Capsicum annuum var. grossum

Capsicum annuum var. grossum

The sweet pepper (Capsicum annuum var. grossum (L.) Sendtn.) is a variety of the pepper and therefore belongs to the Solanaceae family.

Systematic –
From a systematic point of view it belongs to the Eukaryota Domain, Kingdom Plantae, Magnoliophyta Division, Magnoliopsida Class, Subclass Asteridae, Solanales Order, Solanaceae Family and therefore to the Genus Capsicum, to the C. annuum Species and to the C. a. grossum.

Etymology –
The term Capsicum comes from the Greek καψάκιον capsákion small orciolo, for the hollow structure of the fruits in the species of this genus.
The specific epithet annuum is in reference to annual, from annus year, in reference to the duration of the vegetative cycle even if the species of this genus are mainly perennial, but they behave as annuals in climatic conditions different from those of the places of origin and in particular the horticultural varieties cultivated in Europe whose observation suggested the epithet.
The name grossum comes from big, gross, often.

Geographical Distribution and Habitat –
This variety, like others, comes from the Capsicum annuum species, native to southern North America and Central America.
This variety is widely cultivated on all continents and with all the varieties developed over time.

Description –
The Grossum group of Capsicuum annuum is a plant similar to that of the generic species, with erect bearing.
It is a short-lived perennial with spear-shaped dark green leaves.
The flowers are small white in color which in the summer produce cylindrical, ribbed, edible, green colored fruits which when ripe become of different colors ranging from green to yellow, orange or red.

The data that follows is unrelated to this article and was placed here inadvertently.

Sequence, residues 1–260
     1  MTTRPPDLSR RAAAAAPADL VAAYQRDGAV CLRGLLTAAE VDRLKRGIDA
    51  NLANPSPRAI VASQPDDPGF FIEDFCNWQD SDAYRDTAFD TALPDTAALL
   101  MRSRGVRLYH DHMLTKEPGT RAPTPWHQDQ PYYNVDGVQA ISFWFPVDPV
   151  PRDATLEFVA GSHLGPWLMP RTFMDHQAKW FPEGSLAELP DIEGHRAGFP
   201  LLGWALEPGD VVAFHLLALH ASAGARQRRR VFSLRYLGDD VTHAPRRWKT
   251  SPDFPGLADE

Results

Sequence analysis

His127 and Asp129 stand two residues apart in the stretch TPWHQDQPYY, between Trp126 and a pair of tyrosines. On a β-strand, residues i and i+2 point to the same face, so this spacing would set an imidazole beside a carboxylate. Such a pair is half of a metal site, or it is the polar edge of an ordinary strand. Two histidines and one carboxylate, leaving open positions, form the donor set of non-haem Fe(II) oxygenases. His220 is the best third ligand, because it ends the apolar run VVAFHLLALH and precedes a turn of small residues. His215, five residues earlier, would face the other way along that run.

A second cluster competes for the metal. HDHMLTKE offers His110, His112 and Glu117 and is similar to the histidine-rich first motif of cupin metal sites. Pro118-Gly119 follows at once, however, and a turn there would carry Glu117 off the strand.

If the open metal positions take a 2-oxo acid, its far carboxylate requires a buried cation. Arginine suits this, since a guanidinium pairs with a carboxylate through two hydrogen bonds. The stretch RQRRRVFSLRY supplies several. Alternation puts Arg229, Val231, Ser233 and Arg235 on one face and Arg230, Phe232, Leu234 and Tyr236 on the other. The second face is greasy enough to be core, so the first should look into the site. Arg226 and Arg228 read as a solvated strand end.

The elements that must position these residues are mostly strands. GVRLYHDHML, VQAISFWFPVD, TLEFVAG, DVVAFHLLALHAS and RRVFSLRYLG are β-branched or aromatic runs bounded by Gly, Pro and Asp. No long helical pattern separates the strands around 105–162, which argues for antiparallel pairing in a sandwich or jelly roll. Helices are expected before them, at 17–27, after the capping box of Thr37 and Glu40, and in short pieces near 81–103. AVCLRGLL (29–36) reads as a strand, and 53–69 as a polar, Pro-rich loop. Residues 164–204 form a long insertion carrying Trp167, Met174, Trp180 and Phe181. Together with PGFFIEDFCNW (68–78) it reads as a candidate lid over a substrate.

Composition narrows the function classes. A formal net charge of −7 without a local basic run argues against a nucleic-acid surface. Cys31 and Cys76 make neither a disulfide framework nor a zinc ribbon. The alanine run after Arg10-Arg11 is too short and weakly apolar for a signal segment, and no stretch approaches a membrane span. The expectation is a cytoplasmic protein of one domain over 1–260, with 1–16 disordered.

Cultivation –
For the cultivation technique consider that it is advisable to sow the seeds in a fertile and well-drained soil in a sunny and sheltered place or in protected environments before the last frost.
The plant must be watered and fertilized regularly.
For the cultivation technique it is advisable to consult the following sheet.

Uses and Traditions –
The sweet pepper is used for its fruits, or rather, berries, first green and then (after ripening) yellow or red according to the variety. It contains a placenta (white film) that binds some light, round and flattened seeds. Just the placenta and the seeds contain the famous spicy active ingredient of the peppers, the strongest in concentration in the peppers: capsaicin.
For the characteristics of this variety, please refer to those of the nominal species.

Method of Preparation –
The peppers, for their vast cultivation and therefore for the different culinary cultures, is cooked and prepared in various ways but, in general, it is added to salads, cooked and raw foods, flavoring drinks, and many preparations.

Guido Bissanti

Sources
– Acta Plantarum – Flora of the Italian Regions.
– Wikipedia, the free encyclopedia.
– Treben M., 2000. Health from the Lord’s Pharmacy, Tips and experiences with medicinal herbs, Ennsthaler Editore
– Pignatti S., 1982. Flora of Italy, Edagricole, Bologna.
– Conti F., Abbate G., Alessandrini A., Blasi C. (edited by), 2005. An annotated checklist of the Italian vascular flora, Palombi Editore.

Warning: Pharmaceutical applications and alimurgical uses are indicated for information purposes only, they do not in any way represent a medical prescription; therefore, no responsibility is accepted for their use for healing, aesthetic or food purposes.



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